He even visits the data-room to find out what assets are backing his note, signing a non-disclosure agreement for this privilege. He can't tell me what he saw, but imagine a big room. In the center under a dim lightbulb stands a table and chair. OK - we're about done here.

But some details emerge of what happened and why it happened. These have raised an eyebrow. Brian has these eyebrows you don't mess with.

How many lawyers does it take to screw up a light bulb?

It has been suggested that the big banks avoided honouring the liquidity guarantees they had sold by claiming that the conditions required for a general market disruption had NOT been met. This Made in Canada legal definition of a general market disruption is at the heart of this unique financial fiasco.

Apparently, in Canada, the seizure of $32 billion in short term interest notes does not qualify as a general market disruption.

It has also been suggested that overnight loans from the Bank of Canada helped some banks in achieving this alternate reality.

The committee continued to negotiate for months, repeatedly missing their own deadlines. The $32 billion remains suspended. Nobody is paid or collects any interest except for the many lawyers engaged by the banks and other committee members to make this mess go away.

A proposal is finally outlined in December 2007 (over 5 months later) to restructure the notes. It calls for the principal to be paid (and maybe some interest) in 8-10 years instead of 30 days as originally promised. There is little comment from the media.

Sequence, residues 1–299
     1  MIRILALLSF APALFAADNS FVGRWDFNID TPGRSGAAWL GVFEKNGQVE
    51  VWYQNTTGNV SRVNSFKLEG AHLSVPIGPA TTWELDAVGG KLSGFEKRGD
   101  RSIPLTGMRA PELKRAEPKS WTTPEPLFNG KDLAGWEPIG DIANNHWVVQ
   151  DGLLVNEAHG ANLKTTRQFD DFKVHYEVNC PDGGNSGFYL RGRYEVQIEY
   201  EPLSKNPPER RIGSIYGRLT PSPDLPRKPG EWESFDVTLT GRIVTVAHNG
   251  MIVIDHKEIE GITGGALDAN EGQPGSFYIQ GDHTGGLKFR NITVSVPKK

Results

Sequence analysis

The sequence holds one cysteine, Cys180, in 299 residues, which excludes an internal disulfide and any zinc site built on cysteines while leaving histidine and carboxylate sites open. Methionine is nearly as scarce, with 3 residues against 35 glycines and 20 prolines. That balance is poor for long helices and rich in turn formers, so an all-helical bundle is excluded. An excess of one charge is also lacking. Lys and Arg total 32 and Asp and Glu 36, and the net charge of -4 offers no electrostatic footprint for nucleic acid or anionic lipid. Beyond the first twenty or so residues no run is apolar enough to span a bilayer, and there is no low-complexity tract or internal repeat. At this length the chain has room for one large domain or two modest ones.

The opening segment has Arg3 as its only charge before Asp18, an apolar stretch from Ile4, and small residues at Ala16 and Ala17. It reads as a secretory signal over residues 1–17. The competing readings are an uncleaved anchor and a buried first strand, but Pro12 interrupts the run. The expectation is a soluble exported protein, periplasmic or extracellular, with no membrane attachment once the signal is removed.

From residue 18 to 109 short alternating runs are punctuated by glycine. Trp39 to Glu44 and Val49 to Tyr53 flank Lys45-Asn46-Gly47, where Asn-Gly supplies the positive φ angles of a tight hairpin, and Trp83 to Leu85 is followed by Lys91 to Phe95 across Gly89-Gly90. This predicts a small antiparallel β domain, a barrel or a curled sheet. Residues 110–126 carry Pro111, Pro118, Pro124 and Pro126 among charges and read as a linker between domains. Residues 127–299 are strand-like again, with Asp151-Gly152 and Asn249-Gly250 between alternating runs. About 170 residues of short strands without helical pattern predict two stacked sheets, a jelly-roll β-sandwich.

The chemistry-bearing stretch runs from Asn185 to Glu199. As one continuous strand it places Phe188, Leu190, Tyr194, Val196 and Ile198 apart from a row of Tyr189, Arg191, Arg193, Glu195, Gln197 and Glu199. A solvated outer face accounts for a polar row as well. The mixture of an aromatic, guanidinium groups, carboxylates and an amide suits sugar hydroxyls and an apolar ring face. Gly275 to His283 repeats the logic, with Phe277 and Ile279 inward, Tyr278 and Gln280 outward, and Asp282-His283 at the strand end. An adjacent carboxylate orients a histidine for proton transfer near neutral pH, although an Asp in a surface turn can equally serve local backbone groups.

On the wings of a butterfly

purdy2 (3K)

In February, Brian starts a Facebook group called Canaccord and Other ABCP clients, an internet support group to share stories, information and ideas.

He also contacts the media and offers his laundry. How much have you lost? A Facebook group you say? Embarrassing but necessary - it gets the attention.

A newspaper runs a story about his Facebook group. The group has only 4 members at the time (this includes Brian and his wife), but a Facebook group, now that is interesting.

The word gets out. There are many other small investors in the same situation. They join the group. At first it is a public group: anybody can join and everybody can see.

Some of the stories are heart wrenching. It is an older group, retired or near retirement, the type that prefer super safe interest accounts. No mutual funds, no stocks. Now a life of careful saving is suddenly gone!

Within a week or so, the group has two dozen members. Brian wisely makes the group private over concerns of confidentiality. There is personal and sensitive information being shared on the discussion board, and anyone can see it.

The switch to a private group means only members can see the content, and that new members must ask to join or be invited to join. It hurts a little in getting the message out.

Meanwhile, the committee continues its closed door negotiations. A credit facility is needed to make everything work. Some banks are reluctant to sign on. Other problems and excuses delay the release of a formal proposal by another four months. The $32 billion remain suspended.

Finally, on March 20, 2008, 7 months after seizure, a formal proposal is made. It is 385 pages long!

marlon_brando2 (4K)